Viruses. Worms. Trojan horses. Drive-by downloads. Adware. Spyware. Browser hijackers. Zombies. Spam.
These are the Nine Plagues of the Internet -- insidious assaults on our sanity, productivity and peace of mind. But it's only a matter of time till the Tenth Plague descends on us, and I predict it will eventually dwarf the others.
I'm talking about home movies.
That's right. How many of you have spent hours, bored to distraction, watching the entire gruesome record of some friend or relative's trip to Disney World? Or a three-hour epic video of little Jimmy's first birthday party? True, watching the lad stuff butter cream icing up his nose is amusing for a few minutes -- but slow-motion instant replay? With overdubbed music and color commentary?
It was bad enough in the 1980s, when videotape replaced 8 mm movies. Film, thankfully, came in three-minute reels that were expensive to buy and develop. So, the sheer volume of home movies anyone could be induced to watch was limited by technology and money.
Videotape, on the other hand, came in six-hour cassettes that sold for a couple of bucks. Home movies changed from a minor annoyance during an otherwise pleasant visit into a gruesome ordeal of friendship and familial devotion.
But even videotape had one saving grace -- the home movie maker had to get you in the same room as a TV and VCR to inflict his flicks on you. So, at least you were safe in the office.
No more, sad to say. Thanks to the march of technology, no one is safe anywhere. By the millions, Americans are buying digital video cameras that can store home movies on their home computers. Thanks to dozens of slick editing programs and a new generation of DVD burners, they're putting those digital movies on disc. Worse yet, they're posting their home movies on the Web -- and inviting us all to tune in.
My friend Mick is on the cusp of this revolution. Now I should say at the outset that Mick is a true geek. Not a born geek who emerged from the womb wearing a pocket protector, but a convert who started fooling with computers in his 30s and got hooked on technology. As anyone in the business can tell you, converts are the worst kind.
At last count, Mick had six PCs in his house, three Internet appliances, four MP3 players (each hooked to a stereo), four streaming media servers, six ethernet routers, a wireless 802.11b access point, two home phone line bridges and one power line network connector, an AudioRequest MP3 jukebox, an Audiotron Internet radio player, a Voice over Internet Protocol router so he can make Internet phone calls and a 6-foot-tall video arcade cabinet that houses a PC with a collection of 1,000 arcade games.
Mick can play digital music, look at his collection of 3,000 digital photos or watch home videos on every TV in the house. Oh, did I mention that he had the entire place rewired with Category 5 network cable so he can browse the Web anywhere -- including the bathrooms? In fact, Mick now boasts that his home has 27 IP addresses.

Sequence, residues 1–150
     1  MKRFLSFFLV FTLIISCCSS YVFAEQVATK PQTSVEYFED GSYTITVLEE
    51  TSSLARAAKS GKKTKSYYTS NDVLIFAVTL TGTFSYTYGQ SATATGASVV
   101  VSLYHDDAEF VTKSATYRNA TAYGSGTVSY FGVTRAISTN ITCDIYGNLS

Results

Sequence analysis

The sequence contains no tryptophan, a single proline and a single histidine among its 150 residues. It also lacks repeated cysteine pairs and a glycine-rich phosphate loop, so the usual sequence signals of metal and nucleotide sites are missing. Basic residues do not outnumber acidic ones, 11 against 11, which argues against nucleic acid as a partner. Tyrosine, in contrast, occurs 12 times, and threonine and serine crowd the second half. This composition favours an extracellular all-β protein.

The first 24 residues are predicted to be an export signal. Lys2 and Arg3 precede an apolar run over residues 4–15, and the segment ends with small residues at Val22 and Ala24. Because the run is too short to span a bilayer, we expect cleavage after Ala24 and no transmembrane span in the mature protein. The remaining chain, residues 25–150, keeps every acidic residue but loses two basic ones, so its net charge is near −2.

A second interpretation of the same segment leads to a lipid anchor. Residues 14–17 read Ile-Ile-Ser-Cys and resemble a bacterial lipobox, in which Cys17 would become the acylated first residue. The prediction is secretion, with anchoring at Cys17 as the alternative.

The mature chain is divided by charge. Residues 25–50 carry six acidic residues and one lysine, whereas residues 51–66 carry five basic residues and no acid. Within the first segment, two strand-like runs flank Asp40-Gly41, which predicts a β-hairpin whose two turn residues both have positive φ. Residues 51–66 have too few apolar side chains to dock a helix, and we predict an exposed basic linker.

Naturally, he thinks this is incredibly cool. One day, he walked into the office, trotted over to my desk and announced, "Guess what? I just got one of my PCs to boot up with six different operating systems!" I told him he looked like a hunting dog who bounds into the house, drops a dead toad at your feet and wants you to pat him on the head for bringing home dinner.
When Mick and Betty started dating seriously a couple of years ago, I thought this craziness might end, as it often does when romance collides with technology. No such luck. Betty is an otherwise intelligent and charming woman -- but she thinks all of this is incredibly cool, too. Not the games, maybe, but certainly the photos and music. In any case, she thinks Mick is incredibly clever.
So, when little Jake was born a year ago, you can figure out what happened (I'm using pseudonyms here because I don't want to embarrass Jake.) For months, we had daily digital photo updates on Jake's progress, starting with the delivery room. Mick's office PC became a digital Jake Shrine, with Jake wallpaper, a Jake screensaver and dozens of Jake snapshots -- from Mick's printer -- affixed to the cubicle walls.
That still wasn't much of a problem. You can spend a minute admiring still photographs and then go about your business without offending. But then Mick bought a digital video camcorder. Suddenly, instead of snapshots of Jake, he recorded hours and hours of Jake.
My worst fears were realized a few days ago when Mick started calling people over to his desk. "Look at this, I just downloaded a video of Jake. Isn't it great?" And sure enough, we were all staring at a 30-minute video of Betty and Mick, swinging poor little Jake around while a band played "On the Street Where You Live" in the background.
"And it's only 57 megabytes," Mick boasted. "Isn't that great compression?"